Style & Grooming

Meet Harris Reed, London’s New King of Dress-Up

Still at university, Reed’s fates changed with just one look – here, he shares his story and his tips for dressing like an individual

The White Show is an internal event at Central Saint Martins, for the first year students, where all fashion pathways come together and put on, well, a show. By the students, for the students. If you’re not a student you don’t get to see it. And it’s here, at the White Show, that the Harris Reed phenomenon was born.

For Reed, the show was a way of seeing how far he could push himself, so he imagined an artistocratic boy who lived in 18th-century London and was thrown out of his house for being gay. “Originally it was meant to be [this boy] in a suit, running away and finding salvation at the Royal Opera House, where he lives in the back and plays dress up all day long,” Reed explains when we meet for a coffee in Angel, where he cuts a striking figure in a scarlet suit, with a fishnet top peaking out from his cuff and his platform boots adding several inches to his already towering height.

Reed’s aesethetic is best described as a kind of glam rock androgyny mixed with a sense of Victoriana. Flamboyant femininity for men. Proportions are extreme and while bell sleeves billow and trousers flare, everything is cut close to the body creating an almost sculptural effect which is finished off with a headpiece that resembles as extreme riff on Little Boo Peep’s hat. Imagine Bette Davis as a Southern belle via that iconic photograph of David Bowie in his Diamond Dog days, shot by Terry O’Neil, and you’ll get a fair idea of what he does.

“The outfit was, in a way, parallel to my own story. This character was like me coming to London and finding my salvation,” he says. “It was quite emotional because it was the first time that I put myself completely out there in London, my first kind of big full look.”

The response was overwhelming to say the least – the next morning Reed woke up to 700 new followers on Instagram and an inbox full of people requesting the look to shoot for magazines as varied as Wallpaper and Vogue Italia. There was also personal request from Solange Knowles who wanted to wear his designs for a Teen Vogue shoot. “It’s been quite crazy and I don’t think it’s clicked because that, on top of school and on top of projects, is definitely not a norm at all. The opportunities have been mind-blowingly incredible.”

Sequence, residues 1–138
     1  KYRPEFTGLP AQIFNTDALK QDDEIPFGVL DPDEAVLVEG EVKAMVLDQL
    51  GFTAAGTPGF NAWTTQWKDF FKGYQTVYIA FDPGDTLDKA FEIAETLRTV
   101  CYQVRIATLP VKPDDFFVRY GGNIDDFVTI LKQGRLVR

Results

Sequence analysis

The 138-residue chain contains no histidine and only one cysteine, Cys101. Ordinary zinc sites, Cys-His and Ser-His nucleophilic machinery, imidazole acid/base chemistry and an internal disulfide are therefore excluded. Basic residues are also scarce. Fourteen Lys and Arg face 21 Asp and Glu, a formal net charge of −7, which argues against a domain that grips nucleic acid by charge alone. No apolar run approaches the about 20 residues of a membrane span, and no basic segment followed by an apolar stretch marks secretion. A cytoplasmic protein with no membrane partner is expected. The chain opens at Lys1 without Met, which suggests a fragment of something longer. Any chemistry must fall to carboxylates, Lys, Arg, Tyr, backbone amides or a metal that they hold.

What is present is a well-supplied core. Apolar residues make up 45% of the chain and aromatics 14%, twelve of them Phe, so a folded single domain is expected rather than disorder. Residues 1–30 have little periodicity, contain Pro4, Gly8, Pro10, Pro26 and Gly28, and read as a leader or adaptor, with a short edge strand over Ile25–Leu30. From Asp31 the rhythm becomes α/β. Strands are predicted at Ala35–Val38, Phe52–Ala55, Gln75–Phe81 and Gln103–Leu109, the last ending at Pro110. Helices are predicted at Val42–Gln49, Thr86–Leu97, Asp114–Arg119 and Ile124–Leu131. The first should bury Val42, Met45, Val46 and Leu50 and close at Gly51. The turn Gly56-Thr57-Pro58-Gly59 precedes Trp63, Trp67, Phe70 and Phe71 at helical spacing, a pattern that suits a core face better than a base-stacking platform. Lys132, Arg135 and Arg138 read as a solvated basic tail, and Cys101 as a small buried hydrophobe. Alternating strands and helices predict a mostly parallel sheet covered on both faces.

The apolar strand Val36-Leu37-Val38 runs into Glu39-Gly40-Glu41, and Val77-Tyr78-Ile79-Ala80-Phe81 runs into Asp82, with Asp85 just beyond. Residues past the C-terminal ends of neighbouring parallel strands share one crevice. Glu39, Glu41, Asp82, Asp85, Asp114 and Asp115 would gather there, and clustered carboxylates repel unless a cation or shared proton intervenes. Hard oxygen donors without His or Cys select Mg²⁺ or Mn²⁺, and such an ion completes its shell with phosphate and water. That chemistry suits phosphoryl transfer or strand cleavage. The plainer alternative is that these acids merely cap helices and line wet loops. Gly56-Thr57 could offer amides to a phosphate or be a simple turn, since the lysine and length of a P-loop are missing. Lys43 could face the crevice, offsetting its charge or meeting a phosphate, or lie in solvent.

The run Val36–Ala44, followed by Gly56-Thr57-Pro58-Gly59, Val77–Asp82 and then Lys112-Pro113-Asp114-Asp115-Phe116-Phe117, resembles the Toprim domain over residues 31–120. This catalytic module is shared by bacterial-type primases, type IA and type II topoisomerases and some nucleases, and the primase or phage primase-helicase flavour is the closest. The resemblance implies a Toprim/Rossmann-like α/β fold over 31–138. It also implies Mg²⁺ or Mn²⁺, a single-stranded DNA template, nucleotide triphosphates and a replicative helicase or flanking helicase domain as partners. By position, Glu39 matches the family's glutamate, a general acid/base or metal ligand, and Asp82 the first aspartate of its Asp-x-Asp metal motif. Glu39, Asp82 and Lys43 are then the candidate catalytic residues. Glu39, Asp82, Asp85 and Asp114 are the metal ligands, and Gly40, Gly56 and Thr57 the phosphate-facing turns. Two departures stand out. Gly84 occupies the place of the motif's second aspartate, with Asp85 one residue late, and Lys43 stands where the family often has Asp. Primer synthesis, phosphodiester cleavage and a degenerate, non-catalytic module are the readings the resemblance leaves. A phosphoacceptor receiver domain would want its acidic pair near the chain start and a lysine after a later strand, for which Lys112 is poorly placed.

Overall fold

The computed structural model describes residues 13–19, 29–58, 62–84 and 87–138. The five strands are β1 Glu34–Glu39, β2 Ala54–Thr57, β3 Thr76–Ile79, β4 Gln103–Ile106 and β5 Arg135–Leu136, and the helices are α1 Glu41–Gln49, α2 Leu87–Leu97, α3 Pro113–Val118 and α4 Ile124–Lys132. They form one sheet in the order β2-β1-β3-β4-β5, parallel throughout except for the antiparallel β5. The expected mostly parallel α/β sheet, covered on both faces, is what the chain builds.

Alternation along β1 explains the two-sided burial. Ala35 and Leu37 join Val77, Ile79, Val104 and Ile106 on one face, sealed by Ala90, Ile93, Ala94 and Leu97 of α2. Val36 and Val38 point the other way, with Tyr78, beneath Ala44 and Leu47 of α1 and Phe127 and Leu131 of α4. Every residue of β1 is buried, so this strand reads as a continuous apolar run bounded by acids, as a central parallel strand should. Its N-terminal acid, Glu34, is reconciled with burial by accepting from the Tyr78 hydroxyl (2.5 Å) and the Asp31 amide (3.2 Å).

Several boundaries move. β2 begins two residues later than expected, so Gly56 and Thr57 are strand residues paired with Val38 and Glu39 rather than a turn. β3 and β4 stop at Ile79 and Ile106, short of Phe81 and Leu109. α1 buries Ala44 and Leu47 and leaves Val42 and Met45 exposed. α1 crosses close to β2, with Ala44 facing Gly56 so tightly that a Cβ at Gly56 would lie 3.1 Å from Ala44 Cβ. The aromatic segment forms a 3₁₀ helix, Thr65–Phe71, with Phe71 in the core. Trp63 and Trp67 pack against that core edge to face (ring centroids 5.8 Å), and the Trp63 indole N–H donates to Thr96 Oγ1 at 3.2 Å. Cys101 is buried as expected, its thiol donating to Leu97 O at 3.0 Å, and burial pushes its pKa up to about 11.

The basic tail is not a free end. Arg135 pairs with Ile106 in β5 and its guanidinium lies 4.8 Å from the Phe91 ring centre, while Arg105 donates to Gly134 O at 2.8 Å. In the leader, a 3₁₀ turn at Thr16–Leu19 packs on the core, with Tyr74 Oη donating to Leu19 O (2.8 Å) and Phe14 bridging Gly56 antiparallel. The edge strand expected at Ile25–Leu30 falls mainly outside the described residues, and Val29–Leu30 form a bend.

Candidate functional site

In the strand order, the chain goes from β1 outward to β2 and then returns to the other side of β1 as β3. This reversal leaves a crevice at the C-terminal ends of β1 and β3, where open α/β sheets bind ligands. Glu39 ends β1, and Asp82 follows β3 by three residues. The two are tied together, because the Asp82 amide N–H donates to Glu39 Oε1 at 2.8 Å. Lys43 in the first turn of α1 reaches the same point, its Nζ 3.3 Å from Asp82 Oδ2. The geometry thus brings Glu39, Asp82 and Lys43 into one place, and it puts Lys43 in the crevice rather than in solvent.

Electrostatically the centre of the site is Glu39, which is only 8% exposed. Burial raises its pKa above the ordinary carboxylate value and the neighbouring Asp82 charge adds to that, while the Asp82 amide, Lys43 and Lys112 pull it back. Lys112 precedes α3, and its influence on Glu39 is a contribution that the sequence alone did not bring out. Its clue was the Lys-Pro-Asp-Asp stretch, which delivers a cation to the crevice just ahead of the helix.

Reed has always been interested in clothes but it wasn’t until he moved to Arizona for a couple of years during middle school that he discovered the power of fashion. Arizona is very conservative which posed a challenge for him because of his sexuality. “Parents would ask the teacher for me to be pulled out of the class because they didn’t want their children to be in a class with a gay kid,” he remembers. “Then the teacher would call my parents and tell them that being gay is a sin.” 

It was in this somewhat hostile environment, though, that Reed began to see clothes as a form of armour, recalling a specific vintage sequin jacket that he would wear and describes now as his “super hero cape”. “It was my protection,” he says. “I saw how clothes can not only transform the way you feel, but how people perceive you.” And the idea of fashion as a means of self-expression of what he does – clothes for him can’t just be beautiful, they have to evoke a reaction. “When I walk down the street people stare and make comments. A lot of the time they’re rude comments but I don’t mind. Maybe it’s good if I can open up anyone into being that passionate that they have to say something.”

Would it be fair to describe Reed as an activist as well as a designer then? “Oh for sure, 100 per cent. It all comes back to sexuality and my personal experiences with bullying. I think those things will always come through in my work. There always has to be a message. I wouldn’t pretend that doing some crazy avant-garde outfit is going to change the world, but I like to think that it could start a conversation.”

Harris Reed’s Guide to Dressing as an Individual

1. Money doesn’t matter

“You don’t need money to have an individual style. Some of the most individual and stylish people I know don’t have that much money, but what they do with some cheap Boots makeup and found objects is outstanding.”

2. U got the look

“The more you dress to your unique qualities, the more striking you look. I have always been almost awkwardly tall, so I wear the highest shoes, the highest waists and the tightest pants, almost as a ‘fuck you’.”

3. Wear clothes with a story

“Everything you wear should have a story, whether it’s the straight forward ‘I made this’ or the ‘It was my grandmother’s’. I love nothing more then stopping someone in the street and hearing the backstory to their amazing brooch or red velvet shawl.”

4. Being uncomfortable can be a good thing.

“I like to take all the stares I get and use them as ammunition to push myself that much further. I like to think of the builders sat on the side of the road yelling at me as almost a standing ovation, wanting and craving more.”

5. Don’t take life too seriously

“If you’re not having fun then you’re taking life way too seriously. Own who you are because at the end of the day, if you are being the truest and purest version of you, then that’s all that matters.”